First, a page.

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05.08.19

Corruption at the EPO is a Threat Not Only to Europe But to Every Continent in the World

Posted in Europe, Patents at 4:24 am by Dr. Roy Schestowitz

European Inventor Award 2019 is an expensive distraction from the highly corrosive effect of EPO corruption and utter disregard for the law

EPO on CII
“EPO objective for 2023 is to spread its harmful practice to grant software patents to other countries, through the IP5 (USPTO, EPO, JPO, KIPO, CIPO)”Benjamin Henrion, as cited yesterday

Summary: The EPO is advertising companies and their software patents using paid press releases while calling abstract patents “AI” and striving to spread this bad practice to the whole world

THE EPO‘s promotion of software patents in Europe is now a threat to the whole world. The document from António Campinos makes it even clearer (as shown above), potentially threatening even 35 U.S.C. § 101.

As we also noted yesterday, the EPO now glorifies illegal software patents that harm everyone in the world. It produces paid press releases to that effect and so do nasty companies like Qualcomm; this is EPO giving actual awards (or honours) for bogus software patents and these nasty companies use that for self-promotional press releases (same press release here). It’s like the EPO is now in the business of corporate marketing, not a neutral assessment of patents. Celebration of illegal patents at the EPO has been taken to Twitter where the nasty company writes things like this or like that. Their employee has done enormous harm to society with those dubious patents and now the EPO wants to reward this person, serving no purpose other than marketing.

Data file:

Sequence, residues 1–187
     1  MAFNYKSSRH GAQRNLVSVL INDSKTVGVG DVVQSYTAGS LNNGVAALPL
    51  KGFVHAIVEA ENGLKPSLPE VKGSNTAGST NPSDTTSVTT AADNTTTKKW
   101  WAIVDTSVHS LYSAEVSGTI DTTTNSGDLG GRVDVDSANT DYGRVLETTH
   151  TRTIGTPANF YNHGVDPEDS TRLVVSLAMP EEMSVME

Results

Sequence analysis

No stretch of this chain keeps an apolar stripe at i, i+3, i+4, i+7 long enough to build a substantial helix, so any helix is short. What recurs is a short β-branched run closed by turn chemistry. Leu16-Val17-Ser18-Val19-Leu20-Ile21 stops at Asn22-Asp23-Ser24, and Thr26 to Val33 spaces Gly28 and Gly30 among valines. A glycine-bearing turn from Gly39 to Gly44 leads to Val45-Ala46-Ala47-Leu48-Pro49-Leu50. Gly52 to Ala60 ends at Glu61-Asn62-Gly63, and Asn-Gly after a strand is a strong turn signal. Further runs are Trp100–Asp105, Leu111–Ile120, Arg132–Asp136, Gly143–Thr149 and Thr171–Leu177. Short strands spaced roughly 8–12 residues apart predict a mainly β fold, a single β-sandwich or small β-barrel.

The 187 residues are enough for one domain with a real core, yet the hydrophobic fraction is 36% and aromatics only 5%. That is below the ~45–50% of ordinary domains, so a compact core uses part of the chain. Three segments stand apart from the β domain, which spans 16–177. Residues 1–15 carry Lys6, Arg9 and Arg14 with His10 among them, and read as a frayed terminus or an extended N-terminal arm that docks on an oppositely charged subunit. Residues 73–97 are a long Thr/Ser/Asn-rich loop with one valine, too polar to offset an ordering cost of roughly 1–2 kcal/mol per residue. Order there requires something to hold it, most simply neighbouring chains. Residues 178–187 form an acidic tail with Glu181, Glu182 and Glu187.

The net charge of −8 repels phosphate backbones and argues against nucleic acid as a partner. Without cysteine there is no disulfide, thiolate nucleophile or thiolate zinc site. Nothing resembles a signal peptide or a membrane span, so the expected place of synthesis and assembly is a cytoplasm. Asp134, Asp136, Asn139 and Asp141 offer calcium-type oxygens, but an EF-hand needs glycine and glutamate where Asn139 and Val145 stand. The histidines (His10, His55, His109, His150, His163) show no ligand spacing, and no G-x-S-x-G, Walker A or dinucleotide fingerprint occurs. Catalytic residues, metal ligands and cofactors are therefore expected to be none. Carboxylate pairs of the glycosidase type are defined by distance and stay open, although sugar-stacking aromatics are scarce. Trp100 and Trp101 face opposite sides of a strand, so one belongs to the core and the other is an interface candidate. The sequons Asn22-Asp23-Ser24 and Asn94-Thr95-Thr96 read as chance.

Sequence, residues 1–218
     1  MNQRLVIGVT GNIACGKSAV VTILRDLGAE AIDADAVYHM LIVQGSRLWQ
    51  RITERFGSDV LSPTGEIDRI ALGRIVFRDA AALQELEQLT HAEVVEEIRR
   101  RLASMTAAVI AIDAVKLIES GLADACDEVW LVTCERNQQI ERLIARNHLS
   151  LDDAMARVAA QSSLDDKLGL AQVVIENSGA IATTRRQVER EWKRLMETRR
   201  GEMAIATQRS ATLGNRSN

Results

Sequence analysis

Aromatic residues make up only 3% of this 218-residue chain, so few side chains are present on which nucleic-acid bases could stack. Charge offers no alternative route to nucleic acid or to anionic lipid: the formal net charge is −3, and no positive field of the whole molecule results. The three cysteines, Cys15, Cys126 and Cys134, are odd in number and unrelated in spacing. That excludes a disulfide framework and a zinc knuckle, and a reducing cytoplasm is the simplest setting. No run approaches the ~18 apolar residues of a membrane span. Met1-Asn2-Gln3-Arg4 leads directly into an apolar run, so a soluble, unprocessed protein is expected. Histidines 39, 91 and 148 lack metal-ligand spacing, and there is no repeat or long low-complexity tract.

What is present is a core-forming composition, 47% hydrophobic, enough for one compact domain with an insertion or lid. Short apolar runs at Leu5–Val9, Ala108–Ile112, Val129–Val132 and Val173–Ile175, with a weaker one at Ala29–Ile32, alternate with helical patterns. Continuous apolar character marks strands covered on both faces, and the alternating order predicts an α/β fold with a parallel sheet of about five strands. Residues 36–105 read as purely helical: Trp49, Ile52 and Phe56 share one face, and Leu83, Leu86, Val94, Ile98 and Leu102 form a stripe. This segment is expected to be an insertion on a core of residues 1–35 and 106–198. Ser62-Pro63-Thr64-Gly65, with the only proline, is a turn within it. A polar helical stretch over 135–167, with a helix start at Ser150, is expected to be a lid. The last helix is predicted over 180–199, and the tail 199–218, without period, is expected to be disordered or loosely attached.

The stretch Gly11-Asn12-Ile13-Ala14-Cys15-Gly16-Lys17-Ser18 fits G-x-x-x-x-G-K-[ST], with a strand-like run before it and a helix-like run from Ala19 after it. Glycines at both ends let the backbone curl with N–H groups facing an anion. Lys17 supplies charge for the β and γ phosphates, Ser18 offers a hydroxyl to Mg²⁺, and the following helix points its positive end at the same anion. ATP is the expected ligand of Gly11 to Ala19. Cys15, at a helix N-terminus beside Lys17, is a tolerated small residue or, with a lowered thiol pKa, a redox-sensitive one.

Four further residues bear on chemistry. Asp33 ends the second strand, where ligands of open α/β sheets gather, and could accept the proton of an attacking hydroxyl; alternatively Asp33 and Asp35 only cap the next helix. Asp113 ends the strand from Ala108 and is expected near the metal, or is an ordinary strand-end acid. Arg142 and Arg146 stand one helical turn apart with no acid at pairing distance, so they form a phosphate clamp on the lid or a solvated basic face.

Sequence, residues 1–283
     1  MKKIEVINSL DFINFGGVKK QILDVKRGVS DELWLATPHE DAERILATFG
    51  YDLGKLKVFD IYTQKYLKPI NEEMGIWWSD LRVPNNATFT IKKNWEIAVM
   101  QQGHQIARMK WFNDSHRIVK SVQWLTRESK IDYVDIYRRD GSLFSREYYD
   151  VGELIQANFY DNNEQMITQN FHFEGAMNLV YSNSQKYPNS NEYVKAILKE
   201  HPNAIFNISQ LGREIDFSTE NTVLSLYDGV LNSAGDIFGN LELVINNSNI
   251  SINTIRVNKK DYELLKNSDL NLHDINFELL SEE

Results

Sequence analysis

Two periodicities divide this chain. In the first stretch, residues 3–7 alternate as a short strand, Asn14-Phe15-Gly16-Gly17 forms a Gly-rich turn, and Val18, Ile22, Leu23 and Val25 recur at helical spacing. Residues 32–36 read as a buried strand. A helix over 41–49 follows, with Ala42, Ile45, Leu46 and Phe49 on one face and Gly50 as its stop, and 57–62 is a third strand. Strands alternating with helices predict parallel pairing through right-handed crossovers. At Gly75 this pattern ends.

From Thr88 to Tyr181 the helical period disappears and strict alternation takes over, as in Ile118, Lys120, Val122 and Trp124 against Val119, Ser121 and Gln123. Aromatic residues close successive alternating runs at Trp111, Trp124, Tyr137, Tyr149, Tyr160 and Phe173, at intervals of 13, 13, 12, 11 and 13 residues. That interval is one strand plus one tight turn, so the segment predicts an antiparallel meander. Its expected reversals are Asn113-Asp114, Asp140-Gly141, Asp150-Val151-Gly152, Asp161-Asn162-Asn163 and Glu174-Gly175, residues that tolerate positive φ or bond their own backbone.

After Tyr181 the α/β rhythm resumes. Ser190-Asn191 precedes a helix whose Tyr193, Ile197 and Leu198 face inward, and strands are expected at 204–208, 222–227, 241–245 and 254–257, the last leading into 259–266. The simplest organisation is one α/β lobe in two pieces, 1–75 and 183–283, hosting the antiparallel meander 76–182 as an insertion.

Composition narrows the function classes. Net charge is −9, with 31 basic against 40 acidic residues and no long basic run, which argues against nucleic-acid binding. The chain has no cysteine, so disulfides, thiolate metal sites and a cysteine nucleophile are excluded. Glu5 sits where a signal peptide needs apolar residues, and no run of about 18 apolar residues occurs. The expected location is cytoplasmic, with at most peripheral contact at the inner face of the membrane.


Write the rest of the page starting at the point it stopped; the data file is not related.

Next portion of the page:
“Their employee has done enormous harm to society with those dubious patents and now the EPO wants to reward this person, serving no purpose other than marketing.”The EPO’s agenda seems to be getting only more toxic over time. Yesterday, for instance, the EPO was calling illegal software patents “AI” yet again (to make it sound like they’re magically legal). Typical EPO. The tweet said: “It’s great to have @Sam_S_Davis of http://amplified.ai at #SearchMatters. He pointed out the opportunities and challenges #AI brings to #patent search and how it can be used effectively – and still increase employment.”

Once more, later in the same day, the buzzword “AI” was misused by the EPO to ruin examiners’ life and grant bogus European Patents (leaving the legal bills for the public to pay). “Today there’ll be very diverse and interesting lectures and workshops,” they said. “For the first time, we’re hosting a panel discussion on future developments in searching in the #artificialintelligence era.”

Oh yes! The “artificial intelligence era!”

From this same event the EPO then wrote: “This morning VP 1 @steverowan1 welcomed #SearchMatters attendees and emphasised the importance of knowledge-sharing. The EPO is striving to further increase the high quality of its patents.”

“As usual, the media isn’t covering anything but the EPO’s PR.”The very opposite is true. Ask SUEPO, the staff union of the EPO. The EPO's own figures show that quality is going downhill. They know it, they just don’t say it out loud in public.

As usual, the media isn’t covering anything but the EPO’s PR. And then it wonders why it’s stagnating and dying? Or why people distrust and reject it? We’re seeing all sorts of new puff pieces [1, 2], yet nobody has mentioned corruption associated with these events or the issues associated with quality.

Yesterday we saw the think tank IAM, on behalf of its patent-trolling clients, objecting again to possibility of patents on life and nature being thrown out. To quote: